So I really want to start growing some of my own veggies so I am going to start a salsa garden in my backyard (garlic, cilantro, small tomatoes, etc.). I also want to grow carrots. Here are my main questions:

1. Last year I tried to grow strawberries and the birds got to every single one. How can I protect my little garden from these bastards? Please no plastic owl references. I need to know if there is something I can drape over the garden that will keep them away,

2. When is the best time to plant things like this?

Any other advice is greatly appreciated. Thank you.

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Replies to This Discussion

1. Bird netting - it's cheap, but you need a bit of a support to keep it off the berries - use PVC hoops to support the net.

2. Cilantro - early to mid spring - I would just buy the plants, garlic - it's too late now - you start it mid-fall, but we have some wonderful garlic growers here who sell lots of different types at the farmer's markets, so buy locally. Tomatoes - buy plants (Italian plum are meaty) and plant around late April - early May when the soil has warmed to around 60. Chili peppers need a bit more soil heat, and they harvest around late August to mid-Sept. You'll probably be sick of tomatoes by then, so prepare to can or freeze most of your yield. Coffee grounds makes great fertilizer, btw - high in nitrogen and probably lots of interesting chemical concoctions - my pepper plants were huge last year.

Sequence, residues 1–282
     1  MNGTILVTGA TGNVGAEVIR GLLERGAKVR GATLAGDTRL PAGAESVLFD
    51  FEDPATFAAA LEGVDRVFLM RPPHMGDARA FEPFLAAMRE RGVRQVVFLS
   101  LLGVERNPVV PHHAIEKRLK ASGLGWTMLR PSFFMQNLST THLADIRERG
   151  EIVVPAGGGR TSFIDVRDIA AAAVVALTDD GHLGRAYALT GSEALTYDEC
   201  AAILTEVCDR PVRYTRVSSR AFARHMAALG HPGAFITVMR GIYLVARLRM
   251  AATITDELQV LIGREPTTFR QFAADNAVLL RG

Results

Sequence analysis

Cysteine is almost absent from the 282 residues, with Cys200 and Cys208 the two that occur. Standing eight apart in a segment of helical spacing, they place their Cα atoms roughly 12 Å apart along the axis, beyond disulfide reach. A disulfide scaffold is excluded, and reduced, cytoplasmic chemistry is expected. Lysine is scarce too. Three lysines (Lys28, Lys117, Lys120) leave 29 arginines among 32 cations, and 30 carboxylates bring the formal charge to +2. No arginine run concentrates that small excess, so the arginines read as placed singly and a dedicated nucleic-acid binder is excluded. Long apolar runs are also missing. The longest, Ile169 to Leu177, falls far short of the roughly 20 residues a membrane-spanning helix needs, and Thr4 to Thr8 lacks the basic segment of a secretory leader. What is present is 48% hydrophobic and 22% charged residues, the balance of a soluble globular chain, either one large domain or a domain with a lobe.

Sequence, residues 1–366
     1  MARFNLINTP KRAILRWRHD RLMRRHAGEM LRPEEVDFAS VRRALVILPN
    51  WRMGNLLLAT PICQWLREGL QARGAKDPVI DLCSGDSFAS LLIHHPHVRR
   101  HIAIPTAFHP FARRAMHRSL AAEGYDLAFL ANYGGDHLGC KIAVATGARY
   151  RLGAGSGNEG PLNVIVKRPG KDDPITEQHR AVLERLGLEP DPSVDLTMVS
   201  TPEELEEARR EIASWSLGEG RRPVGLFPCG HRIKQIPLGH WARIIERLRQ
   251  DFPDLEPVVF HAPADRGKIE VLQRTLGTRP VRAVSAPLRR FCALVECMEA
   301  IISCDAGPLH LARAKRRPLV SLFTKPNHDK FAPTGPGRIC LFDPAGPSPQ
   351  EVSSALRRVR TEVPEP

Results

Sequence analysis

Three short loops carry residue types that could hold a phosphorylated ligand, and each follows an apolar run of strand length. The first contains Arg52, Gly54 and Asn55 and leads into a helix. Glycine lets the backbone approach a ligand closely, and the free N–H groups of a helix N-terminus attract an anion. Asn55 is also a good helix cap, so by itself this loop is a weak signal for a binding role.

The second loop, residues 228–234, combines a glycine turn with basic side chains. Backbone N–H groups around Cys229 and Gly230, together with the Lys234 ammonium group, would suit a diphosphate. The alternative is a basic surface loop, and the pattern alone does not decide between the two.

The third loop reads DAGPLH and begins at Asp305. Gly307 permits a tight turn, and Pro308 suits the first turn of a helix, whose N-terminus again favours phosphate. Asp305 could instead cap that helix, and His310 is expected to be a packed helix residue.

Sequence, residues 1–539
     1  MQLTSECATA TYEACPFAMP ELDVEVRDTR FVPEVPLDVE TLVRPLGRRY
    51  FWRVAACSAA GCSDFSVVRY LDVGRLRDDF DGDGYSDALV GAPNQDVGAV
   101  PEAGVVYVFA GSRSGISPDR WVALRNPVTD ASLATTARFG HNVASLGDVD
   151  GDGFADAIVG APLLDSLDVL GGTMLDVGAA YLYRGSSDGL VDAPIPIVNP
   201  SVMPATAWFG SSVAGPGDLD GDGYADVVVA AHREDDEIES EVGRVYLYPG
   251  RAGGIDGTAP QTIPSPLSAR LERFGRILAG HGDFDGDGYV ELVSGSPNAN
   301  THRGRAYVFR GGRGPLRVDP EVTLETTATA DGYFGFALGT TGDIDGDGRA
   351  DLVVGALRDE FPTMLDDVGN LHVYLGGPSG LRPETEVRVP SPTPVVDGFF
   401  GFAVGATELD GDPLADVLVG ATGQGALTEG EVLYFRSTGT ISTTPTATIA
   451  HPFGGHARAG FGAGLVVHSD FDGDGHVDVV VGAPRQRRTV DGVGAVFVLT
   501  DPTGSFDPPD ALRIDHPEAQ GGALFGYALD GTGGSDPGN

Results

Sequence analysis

Shotsie, thanks. I'll wait on the garlic until fall. I guess I'll just set aside a section for them this Spring. Do the chile peppers plant in spring as well?
Here's my thoughts:

For the birds: Nylon netting (like the stuff a shower puff is made out of) may be helpful. Try JoAnn's or Hancock Fabrics. Or you can try to distract the birds by planting something else that appeals to them.

Garlic, I believe, should be planted in the fall and harvested in the spring.

Tomatoes need to wait until after the last frost. After Cinco De Mayo is usually ok. You can start seeds indoors soon, though!

Cilantro should be planted after danger of frost. It should be easy enough to grow from seeds. When the weather gets hot it will bolt (go to seed), so you probably want do multiple plantings a few weeks apart to keep up your supply.

Hope this helps (and that the information provided is correct), and good luck gardening!
Thanks geofizx. This is the first real food garden that I have attempted. But, I was so excited last year when I started getting strawberries, which was short lived because of the obese little sparrows in our neighborhood. I will definitely be investing in bird netting.

This is going to sound like a dumb question, but what is the best way to start seeds indoors? I have heard of people putting them between wet paper towels until they sprout a bit and then planting them and keeping them indoors until they are ready to move outside. Is this what you recommend?
Personally, I haven't started seeds indoors for awhile due to the presence of a plant eating cat. Everyone has their own method. I know people who use the plastic containers that mini-cupcakes come in (bonus: you get cupcakes!). Put some potting soil in each cup, add seeds and keep moist (not too wet, though - you may want to poke small holes in the bottom). When the plants get bigger, move them to a larger container. Then move them outside when it is safe. Some people I know also buy seed-starting kits (not sure of the supplier they use, but I'm sure google will find some for you).